Boehner declares: Immigration bill will be subject to Hastert Rule

House Speaker John Boehner (R-Ohio) said Thursday that any immigration legislation will have to have the support of a majority of House Republicans in order to come to a vote.

Boehner has suggested as much before, saying last week that he had "no intention" of violating the so-called "Hastert Rule" -- which requires a majority of the majority party to support a bill before it comes to a vote. But that statement ("no intention") appeared to give him a little wiggle room.

His statement at a news conference Thursday left no leeway at all.

He said the Hastert Rule would also apply to any legislation that results from a conference committee between the House and Senate -- the likely result of the House's plan to pass its own immigration bill, rather than the Senate's version.

"For any legislation, including a conference report, to pass the House, It’s going to have to be a bill that has the support of the majority of our members," Boehner said.

Boehner also echoed past statements that the Senate bill will not come to a vote in the House. The bill is set to pass in the Senate with about two-thirds of the chamber supporting it.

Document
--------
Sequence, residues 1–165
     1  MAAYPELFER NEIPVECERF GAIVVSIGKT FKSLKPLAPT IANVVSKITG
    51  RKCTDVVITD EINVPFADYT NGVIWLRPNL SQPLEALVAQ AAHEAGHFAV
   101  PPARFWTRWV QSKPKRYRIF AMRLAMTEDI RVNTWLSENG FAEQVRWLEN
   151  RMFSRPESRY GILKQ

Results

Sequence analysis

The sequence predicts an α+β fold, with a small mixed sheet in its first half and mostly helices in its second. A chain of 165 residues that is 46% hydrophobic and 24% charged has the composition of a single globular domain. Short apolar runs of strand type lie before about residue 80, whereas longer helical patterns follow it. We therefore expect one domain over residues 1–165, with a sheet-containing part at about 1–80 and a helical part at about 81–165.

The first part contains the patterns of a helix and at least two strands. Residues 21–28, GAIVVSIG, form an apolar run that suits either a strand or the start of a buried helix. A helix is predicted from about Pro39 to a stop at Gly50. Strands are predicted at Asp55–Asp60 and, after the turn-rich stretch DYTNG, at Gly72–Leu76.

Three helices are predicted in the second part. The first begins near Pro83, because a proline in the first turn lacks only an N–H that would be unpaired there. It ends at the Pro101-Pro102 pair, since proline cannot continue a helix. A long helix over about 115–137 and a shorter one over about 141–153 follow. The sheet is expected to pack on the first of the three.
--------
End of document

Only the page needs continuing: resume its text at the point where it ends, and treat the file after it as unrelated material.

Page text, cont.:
But even as two-thirds of the Senate is on-board, only about one-third of Senate Republicans are set to vote for it. If a similar portion of the House GOP conference supported an immigration bill, it wouldn't come to a vote under the Hastert Rule.

Boehner -- as with other speakers in the past -- has occasionally violated the Hastert Rule, and at one point even declared that it's not actually a rule (which is technically true). But conservatives have registered their dismay with him doing so, and breaking it on such a high-profile piece of legislation as immigration reform would surely lead to a backlash within the House GOP conference.

The speaker's decision effectively means that in order to pass, any immigration legislation would need the support of a majority of House Republicans, a majority of the House overall, and likely at least 60 senators.

Aaron Blake covers national politics and writes regularly for The Fix.
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